Wendi Patterson, director of marketing for United Staffing Associates, said there was little to no growth in hiring in 2009. Employers that had downsized are now reaching out for temporary hires, although it has been slow, she said.
Patterson expects to see an increase in hiring in 2010, but she said employers are being choosy and want the most for their dollar. That can be frustrating for those who have long waited for a job, she added.
“There’s a sea of people out there who are desperate for work,’’ she said.
Danielle Bremer, client services specialist for Continental Labor and Staffing in Paso Robles, said hiring has been flat.
“It’s been about the same as last year,’’ she said. “If anything, it (job placement) has been a little bit lower.”
The company has relied on its loyal client base, businesses that have used them year after year.
“We definitely didn’t have any new clients,’’ Bremer said. “We’ve been getting a lot of inquiries, but I think they’re a little bit hesitant to go through and take that first step. In 2010, we really have high hopes employers will be able to take that first step and give us a shot.”
Julia Aguilar, co-owner of San Luis Personnel with her husband, Art, said that placements have been better than they were at this time a year ago.
“People have reduced their staffs to the point where they’ve created a need for temporary help,’’ said Aguilar, noting that placements have been primarily in the insurance and medical sectors. “In fact, several of the job orders we just filled recently were hiring temp help, but it may or may not turn into a regular position. In the past, they would tell you that it would definitely turn into a regular hire. Now, they are not sure whether they will have a long-term need or not.”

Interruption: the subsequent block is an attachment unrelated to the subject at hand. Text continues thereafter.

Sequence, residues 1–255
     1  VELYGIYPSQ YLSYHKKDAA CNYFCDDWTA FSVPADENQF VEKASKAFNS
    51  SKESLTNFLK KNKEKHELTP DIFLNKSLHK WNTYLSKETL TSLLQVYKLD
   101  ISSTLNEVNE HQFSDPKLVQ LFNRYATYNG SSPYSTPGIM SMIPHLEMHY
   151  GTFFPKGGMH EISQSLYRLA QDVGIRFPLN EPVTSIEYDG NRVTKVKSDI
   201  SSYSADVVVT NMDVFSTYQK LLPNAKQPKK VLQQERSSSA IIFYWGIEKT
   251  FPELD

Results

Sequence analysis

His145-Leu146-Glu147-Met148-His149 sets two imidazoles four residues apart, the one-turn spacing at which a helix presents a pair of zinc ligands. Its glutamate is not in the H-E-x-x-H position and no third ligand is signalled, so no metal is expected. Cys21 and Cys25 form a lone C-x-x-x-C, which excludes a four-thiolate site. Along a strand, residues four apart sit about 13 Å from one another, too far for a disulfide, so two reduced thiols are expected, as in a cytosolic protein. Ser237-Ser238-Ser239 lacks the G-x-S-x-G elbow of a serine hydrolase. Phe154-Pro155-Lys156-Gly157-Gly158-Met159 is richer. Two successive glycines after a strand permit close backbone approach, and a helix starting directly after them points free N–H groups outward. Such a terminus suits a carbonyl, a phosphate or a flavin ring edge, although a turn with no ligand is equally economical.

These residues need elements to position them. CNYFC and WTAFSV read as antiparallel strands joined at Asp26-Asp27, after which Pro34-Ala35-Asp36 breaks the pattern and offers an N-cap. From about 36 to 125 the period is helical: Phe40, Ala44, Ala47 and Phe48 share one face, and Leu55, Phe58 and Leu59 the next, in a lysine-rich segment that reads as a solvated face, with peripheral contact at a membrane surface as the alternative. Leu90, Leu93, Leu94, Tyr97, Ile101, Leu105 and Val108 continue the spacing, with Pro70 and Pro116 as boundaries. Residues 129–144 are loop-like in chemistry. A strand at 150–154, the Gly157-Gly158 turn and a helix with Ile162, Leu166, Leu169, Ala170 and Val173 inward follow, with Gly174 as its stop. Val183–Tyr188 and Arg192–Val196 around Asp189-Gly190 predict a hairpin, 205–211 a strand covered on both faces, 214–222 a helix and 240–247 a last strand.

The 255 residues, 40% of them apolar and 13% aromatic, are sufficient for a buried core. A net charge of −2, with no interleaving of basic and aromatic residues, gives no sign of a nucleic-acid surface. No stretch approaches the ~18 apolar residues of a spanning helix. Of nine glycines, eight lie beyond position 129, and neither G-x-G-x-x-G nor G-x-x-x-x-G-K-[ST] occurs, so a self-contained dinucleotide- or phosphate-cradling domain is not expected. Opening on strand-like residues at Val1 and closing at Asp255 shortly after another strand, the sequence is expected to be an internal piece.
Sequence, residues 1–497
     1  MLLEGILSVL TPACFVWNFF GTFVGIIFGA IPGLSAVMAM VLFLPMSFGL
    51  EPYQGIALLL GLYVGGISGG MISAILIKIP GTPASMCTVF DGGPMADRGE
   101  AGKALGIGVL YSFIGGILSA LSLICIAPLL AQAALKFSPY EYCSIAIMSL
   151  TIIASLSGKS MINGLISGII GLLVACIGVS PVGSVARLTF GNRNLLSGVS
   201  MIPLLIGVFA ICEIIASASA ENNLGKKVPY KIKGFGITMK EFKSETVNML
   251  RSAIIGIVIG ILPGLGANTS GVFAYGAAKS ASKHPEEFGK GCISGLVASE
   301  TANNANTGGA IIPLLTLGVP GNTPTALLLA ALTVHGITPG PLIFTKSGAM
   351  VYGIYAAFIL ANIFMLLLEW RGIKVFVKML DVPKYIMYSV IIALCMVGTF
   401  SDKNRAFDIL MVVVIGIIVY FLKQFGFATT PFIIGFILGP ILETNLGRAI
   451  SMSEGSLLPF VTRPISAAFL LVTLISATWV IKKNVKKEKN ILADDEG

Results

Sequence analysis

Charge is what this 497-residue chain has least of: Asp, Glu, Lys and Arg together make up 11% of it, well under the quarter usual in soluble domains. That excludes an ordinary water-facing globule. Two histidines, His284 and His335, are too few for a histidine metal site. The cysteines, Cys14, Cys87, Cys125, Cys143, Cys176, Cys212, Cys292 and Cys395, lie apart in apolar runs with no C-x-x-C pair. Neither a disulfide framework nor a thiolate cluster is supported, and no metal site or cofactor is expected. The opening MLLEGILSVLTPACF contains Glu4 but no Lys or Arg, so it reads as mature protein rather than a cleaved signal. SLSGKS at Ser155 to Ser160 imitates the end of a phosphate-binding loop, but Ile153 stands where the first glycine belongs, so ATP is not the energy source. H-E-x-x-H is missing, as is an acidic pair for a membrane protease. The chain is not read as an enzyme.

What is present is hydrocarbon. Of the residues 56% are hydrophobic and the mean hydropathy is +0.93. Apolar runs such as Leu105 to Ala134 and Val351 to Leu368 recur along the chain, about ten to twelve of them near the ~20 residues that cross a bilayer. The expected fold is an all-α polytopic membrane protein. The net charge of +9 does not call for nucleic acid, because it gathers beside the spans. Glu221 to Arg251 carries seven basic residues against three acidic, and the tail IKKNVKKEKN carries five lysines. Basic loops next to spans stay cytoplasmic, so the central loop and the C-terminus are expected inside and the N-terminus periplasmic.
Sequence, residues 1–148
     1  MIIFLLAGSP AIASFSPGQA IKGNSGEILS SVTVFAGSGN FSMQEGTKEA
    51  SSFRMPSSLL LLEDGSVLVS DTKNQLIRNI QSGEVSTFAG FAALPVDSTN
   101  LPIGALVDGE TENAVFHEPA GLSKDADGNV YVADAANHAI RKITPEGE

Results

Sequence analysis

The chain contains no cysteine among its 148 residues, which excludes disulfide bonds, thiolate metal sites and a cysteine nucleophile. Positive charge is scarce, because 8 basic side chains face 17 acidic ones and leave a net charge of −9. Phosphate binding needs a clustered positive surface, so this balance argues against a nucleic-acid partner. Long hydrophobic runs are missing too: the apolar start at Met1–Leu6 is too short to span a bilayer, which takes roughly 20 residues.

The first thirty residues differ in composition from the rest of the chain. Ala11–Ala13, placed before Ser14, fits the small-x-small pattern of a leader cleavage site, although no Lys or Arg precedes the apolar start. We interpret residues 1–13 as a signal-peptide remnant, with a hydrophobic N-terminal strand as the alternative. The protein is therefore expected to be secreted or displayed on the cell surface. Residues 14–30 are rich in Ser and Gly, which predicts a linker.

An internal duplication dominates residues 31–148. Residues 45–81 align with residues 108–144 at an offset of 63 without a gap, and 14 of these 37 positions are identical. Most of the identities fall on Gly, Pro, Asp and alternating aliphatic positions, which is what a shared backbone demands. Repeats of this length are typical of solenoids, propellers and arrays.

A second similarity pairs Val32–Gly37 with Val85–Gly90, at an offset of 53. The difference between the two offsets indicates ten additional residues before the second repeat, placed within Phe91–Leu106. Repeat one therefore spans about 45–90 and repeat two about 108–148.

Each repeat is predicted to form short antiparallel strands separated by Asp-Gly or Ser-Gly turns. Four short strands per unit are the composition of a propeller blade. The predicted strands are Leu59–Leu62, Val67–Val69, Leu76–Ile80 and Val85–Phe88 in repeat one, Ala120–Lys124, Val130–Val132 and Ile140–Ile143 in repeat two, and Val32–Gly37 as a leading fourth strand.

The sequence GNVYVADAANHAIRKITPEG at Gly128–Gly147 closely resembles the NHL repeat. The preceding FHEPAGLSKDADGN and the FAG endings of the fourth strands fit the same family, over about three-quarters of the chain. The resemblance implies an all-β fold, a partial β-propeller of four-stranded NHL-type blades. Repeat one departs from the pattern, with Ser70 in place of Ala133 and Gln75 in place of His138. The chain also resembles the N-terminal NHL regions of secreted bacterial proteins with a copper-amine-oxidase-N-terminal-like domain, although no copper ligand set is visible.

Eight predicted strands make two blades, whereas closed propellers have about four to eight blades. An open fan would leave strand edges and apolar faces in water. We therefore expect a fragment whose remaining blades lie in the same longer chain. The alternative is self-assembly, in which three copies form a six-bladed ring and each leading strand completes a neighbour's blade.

Aguilar is “cautiously optimistic” about local hiring, which she says could improve by the summer.
“San Luis Obispo County will be slower than other markets in returning,’’ she said. “I don’t see it happening until later.”
Rate is stabilizing
Juan Millan, spokesman for the state’s Employment Development Department, said the county has held up well in the face of a severe recession that created thousands of job losses throughout California.
California’s unemployment rate is stabilizing, falling two-tenths of a percent in November to 12.3 percent, according to data from the department. It was the state’s second unemployment decrease in the last three months.
“This is a good sign and hopefully the beginning of a turnaround,’’ he said.
But Millan said employers are still struggling and that job seekers should be aware that it’s a highly competitive labor force, with many experienced workers accepting lower-wage jobs.
“Economists are saying we’re bottoming out, but I think what is saving a lot of people is unemployment extensions,’’ he said. “That’s playing a big part in keeping people afloat.”Kemp, of Beacon Economics, said recuperation will take time.
However, San Luis Obispo County has better days ahead, he said.
“This is going to be a very, very slow change,’’ he said. “2010 will be a tough year, but it will be better than 2009.”